Meanwhile at The Sanctuary, things were breaking down in Negan’s absence. We got to see a bit of Gregory snivelling and wheedling at Simon after being run out of Hilltop, and the moment when Rick’s army struck from the enemy perspective. While there was an element of tension and jeopardy surrounding Eugene and Dwight and the question of who’d leaked information to Team Rick, mostly the workers’ revolt, and Simon’s bid for power served to confirm Negan’s belief that his brand of rule was actually saving a motley crew from their own worst instincts. Simon proved to be more chilling and unhinged than even the man he grudgingly bows to. Sure, Negan takes sadistic pleasure in violence but, he claimed, he only ever kills to make a strategic point. It’s interesting that even in the midst of chaos and potential mutiny, Negan’s people immediately came to heel when he strolled back into the compound, covered in zombie guts, and had Gabriel sent to the hole.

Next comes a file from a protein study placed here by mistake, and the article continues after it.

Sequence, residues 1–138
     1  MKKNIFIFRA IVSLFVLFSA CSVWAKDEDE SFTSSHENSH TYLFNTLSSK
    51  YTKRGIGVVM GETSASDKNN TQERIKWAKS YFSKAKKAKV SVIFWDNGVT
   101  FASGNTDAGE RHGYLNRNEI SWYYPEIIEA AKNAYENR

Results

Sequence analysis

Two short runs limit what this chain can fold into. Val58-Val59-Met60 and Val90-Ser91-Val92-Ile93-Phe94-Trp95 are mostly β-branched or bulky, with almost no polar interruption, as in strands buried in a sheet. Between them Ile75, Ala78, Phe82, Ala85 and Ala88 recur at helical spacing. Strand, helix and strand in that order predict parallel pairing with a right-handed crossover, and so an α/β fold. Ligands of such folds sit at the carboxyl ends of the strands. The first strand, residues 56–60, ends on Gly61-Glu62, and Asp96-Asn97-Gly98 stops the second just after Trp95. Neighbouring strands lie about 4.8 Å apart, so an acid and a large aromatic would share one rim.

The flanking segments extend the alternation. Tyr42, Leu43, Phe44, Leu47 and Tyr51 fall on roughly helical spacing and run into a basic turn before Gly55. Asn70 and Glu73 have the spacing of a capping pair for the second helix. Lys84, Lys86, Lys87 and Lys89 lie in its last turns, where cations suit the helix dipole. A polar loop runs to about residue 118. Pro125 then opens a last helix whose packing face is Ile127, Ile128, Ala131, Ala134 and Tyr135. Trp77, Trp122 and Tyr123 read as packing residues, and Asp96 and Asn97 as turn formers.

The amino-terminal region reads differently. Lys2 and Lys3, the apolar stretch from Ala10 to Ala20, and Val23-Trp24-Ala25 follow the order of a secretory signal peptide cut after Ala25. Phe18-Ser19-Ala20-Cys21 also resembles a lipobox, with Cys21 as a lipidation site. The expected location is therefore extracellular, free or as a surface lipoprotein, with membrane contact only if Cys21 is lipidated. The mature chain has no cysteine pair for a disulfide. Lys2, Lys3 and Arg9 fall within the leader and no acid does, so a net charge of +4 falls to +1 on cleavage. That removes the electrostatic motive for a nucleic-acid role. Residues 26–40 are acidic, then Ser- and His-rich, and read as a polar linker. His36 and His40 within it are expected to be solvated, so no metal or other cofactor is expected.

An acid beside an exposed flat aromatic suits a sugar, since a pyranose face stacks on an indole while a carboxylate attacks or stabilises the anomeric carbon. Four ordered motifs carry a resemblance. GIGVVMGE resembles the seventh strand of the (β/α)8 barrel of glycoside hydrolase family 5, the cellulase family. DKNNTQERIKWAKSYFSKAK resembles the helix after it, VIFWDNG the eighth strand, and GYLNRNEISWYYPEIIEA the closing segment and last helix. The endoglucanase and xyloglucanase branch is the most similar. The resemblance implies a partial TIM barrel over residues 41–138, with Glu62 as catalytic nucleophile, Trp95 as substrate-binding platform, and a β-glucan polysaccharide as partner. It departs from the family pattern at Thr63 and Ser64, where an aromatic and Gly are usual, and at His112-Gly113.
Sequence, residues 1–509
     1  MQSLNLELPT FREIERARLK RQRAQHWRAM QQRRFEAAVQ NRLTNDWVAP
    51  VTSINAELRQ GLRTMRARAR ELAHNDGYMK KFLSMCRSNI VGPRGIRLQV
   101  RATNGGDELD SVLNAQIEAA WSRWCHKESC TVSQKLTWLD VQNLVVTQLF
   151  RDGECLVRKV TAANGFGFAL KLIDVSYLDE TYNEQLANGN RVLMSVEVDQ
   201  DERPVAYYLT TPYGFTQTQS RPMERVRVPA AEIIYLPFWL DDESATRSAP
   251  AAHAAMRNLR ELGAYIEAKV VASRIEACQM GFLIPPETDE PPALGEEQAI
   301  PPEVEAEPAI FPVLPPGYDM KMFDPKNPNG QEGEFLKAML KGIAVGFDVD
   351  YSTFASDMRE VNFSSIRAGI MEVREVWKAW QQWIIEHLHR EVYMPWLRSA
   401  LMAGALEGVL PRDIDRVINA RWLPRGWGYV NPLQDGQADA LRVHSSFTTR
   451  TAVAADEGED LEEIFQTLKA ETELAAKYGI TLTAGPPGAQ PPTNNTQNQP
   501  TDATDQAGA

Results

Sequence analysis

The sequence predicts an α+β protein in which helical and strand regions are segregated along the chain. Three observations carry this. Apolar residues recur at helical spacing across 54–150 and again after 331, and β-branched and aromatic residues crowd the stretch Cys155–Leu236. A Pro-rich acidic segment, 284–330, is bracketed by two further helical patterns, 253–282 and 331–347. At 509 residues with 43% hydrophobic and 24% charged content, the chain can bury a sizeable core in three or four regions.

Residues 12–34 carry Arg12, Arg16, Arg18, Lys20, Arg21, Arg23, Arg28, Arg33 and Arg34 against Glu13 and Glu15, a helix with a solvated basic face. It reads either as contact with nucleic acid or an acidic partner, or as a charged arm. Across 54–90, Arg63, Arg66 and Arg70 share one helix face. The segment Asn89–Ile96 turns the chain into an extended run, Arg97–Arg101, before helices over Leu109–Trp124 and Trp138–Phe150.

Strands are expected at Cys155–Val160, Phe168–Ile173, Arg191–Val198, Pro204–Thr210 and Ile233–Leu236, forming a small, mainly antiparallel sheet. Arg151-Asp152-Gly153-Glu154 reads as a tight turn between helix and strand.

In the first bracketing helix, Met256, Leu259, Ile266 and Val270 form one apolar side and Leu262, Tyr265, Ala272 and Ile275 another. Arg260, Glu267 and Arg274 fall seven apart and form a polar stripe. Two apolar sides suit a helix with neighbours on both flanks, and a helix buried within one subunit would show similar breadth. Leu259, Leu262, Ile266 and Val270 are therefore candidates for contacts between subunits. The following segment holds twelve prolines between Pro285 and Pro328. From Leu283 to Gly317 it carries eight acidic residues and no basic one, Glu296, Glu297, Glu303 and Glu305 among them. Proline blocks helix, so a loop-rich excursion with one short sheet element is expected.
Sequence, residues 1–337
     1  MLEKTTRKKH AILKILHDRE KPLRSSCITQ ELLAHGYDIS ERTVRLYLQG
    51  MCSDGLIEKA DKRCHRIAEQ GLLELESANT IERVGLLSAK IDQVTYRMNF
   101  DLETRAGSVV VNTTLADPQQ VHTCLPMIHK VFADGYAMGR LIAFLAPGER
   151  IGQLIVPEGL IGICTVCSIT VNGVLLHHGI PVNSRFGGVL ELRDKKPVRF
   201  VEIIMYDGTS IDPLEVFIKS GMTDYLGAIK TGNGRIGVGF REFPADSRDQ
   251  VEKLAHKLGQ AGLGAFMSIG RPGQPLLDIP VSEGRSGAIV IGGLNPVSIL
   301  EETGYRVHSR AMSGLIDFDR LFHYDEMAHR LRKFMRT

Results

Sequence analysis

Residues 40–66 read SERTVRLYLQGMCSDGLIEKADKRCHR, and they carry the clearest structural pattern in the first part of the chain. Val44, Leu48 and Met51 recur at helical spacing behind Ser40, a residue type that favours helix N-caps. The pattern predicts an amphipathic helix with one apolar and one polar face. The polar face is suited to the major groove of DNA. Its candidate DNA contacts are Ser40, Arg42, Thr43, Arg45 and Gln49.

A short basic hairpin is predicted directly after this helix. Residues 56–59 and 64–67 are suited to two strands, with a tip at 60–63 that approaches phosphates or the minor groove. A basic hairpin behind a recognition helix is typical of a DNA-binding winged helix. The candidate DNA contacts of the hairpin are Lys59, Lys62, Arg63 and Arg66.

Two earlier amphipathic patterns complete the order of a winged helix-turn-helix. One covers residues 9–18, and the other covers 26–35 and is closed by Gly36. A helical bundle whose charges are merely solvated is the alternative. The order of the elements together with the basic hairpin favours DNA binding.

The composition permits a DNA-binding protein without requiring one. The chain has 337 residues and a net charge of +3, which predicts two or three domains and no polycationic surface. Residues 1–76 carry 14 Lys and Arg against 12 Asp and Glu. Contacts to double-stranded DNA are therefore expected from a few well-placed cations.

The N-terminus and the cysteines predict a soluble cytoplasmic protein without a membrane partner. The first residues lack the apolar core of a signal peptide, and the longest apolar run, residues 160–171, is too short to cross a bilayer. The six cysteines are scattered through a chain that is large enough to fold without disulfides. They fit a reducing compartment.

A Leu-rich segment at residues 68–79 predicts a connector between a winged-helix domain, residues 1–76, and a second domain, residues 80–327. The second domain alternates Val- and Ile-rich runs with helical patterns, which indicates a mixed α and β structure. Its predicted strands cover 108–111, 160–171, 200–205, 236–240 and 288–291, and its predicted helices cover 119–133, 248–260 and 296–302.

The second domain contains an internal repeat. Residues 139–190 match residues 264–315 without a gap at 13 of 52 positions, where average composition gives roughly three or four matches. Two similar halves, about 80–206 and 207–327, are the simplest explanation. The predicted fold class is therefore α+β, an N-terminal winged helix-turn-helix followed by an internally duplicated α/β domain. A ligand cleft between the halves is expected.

Conversely, no one on Team Rick seems to have entered into the war with clear directives. We’ve already seen Jesus and Morgan come to blows over the fate of some captured worker Saviors, and this week it was Rick and Daryl’s turn to get into fisticuffs. Daryl seems to have lost his nurturing side of late and turned into a total nihilist, ready to blow a hole in The Sanctuary and let the walkers take out any survivors, despite Rick’s insistence that the women and children of the workers should be allowed to live. Clearly his experience with baby Gracie has given him pause for thought.

But the strangest thing about the Rick and Daryl showdown was that it resulted in the truck containing the pilfered Sanctuary supplies and machine guns being blown up. So essentially, in a few minutes, everything that’s happened in the previous weeks was rendered largely pointless. All the sacrifices made in pursuit of the guns, meaningless. I’m guessing this is to avoid Team Rick having a huge advantage at some point in the future, but REALLY?! All we’ve heard about since forever ago is those fudging guns, and now they’re ashes because Rick and Daryl had a Barney. Well then.